Legendary Great White Named One Of World's Top Five Sharks

A great white shark caught in the waters off Canada in 1988 has been named one of the world's top five legendary sharks, as the lead up to Discovery Channel's annual Shark Week continues.

The great white was the trophy of Alberton fisherman David McKendrick, who hauled the shark from the waters surrounding Canada's Prince Edward Island, CBC reports. The shark became tangled in McKendrick's net as he fished off the western side of the island, and died before it was brought to the surface. A large female, the shark was a rarity in the northern seas.

"You usually only hear of reports, maybe every two to three years, if that," said Warren Joyce of the Canadian Shark Research Laboratory in Bedford, Nova Scotia. "In the last 130 years there's only been 34 actual recorded incidents of great whites in our waters."

The specimen caught by McKendrick was even rarer still, one of the two largest great whites ever accurately measured, Joyce said. According to Discovery, the shark was an astonishing 20 feet in length.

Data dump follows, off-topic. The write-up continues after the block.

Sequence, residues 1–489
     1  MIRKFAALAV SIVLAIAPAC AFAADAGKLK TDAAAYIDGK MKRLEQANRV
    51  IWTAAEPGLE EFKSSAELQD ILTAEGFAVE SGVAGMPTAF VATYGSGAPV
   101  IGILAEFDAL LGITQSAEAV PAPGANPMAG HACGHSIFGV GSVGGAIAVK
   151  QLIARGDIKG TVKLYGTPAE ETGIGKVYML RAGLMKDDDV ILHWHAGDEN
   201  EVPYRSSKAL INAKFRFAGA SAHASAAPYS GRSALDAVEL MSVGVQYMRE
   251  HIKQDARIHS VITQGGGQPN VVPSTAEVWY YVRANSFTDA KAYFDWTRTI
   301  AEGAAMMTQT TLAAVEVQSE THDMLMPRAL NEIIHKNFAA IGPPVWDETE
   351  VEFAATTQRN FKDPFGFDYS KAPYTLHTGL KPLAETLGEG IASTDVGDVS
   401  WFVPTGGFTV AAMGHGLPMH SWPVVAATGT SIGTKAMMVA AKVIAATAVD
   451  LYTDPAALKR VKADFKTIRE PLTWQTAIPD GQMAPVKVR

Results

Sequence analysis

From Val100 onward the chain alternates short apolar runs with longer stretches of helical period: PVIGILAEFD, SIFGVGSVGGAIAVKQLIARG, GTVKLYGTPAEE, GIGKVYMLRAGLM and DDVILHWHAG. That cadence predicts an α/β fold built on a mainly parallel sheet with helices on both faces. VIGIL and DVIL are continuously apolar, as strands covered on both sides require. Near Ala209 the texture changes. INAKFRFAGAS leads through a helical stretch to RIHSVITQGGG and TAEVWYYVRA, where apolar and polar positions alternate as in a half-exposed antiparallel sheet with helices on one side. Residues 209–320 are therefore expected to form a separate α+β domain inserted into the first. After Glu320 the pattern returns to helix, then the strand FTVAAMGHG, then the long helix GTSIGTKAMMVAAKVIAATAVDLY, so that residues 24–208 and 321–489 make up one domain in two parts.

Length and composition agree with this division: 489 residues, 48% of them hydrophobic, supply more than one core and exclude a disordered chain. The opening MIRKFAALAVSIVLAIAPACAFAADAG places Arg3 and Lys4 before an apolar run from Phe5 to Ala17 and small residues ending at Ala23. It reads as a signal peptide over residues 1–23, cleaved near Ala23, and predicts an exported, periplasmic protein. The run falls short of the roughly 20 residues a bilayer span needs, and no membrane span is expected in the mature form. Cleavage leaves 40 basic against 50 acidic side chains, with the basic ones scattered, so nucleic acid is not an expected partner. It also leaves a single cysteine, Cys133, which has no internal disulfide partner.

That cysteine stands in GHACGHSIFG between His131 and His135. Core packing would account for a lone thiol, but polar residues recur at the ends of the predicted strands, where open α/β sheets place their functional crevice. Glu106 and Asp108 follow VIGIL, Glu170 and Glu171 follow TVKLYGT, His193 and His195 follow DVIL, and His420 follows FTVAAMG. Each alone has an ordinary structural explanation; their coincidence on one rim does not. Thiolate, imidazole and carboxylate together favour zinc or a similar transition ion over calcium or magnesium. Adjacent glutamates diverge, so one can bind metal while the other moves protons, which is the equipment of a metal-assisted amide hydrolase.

Vertebrae that were preserved from the great white have since been examined, and researchers have determined that the shark was about 17 years old at the time it was caught. Fishermen Doug Fraser, who was there when the great white was brought into the harbor by McKendrick, marveled at the size of the shark, which was far larger than the meter-long examples he was familiar with:

"The tail would have been dragging off the end of the dump truck. The girth of it was probably over six feet... It was a pretty huge monster to see, and a great collection of teeth."

The great white was buried in a nearby gravel pit. All evidence of the shark would have been lost if not for the efforts of a Canadian Fisheries Officer, who excavated the body of the great white two weeks later. That officer was able to accurately measure the shark, and collected bones for preservation. The shark's jaw is on display in a Florida museum.

As Discovery's Shark Week approaches, the annual event has already been marred by controversy, as The Inquisitr has reported. A video which purported to show a shark swimming in Lake Ontario so deeply alarmed Canadian officials and locals that the network was forced to reveal that it was a hoax, meant to garner attention for Shark Week. Last year, a special focusing on the extinct Megalodon shark brought widespread criticism to bear on the network, when it was revealed to be a "mockumentary," with paid actors taking on the roles of scientists.

The world record for a great white shark is 6.3 meters.

[Images via Canadian Shark Research Laboratory]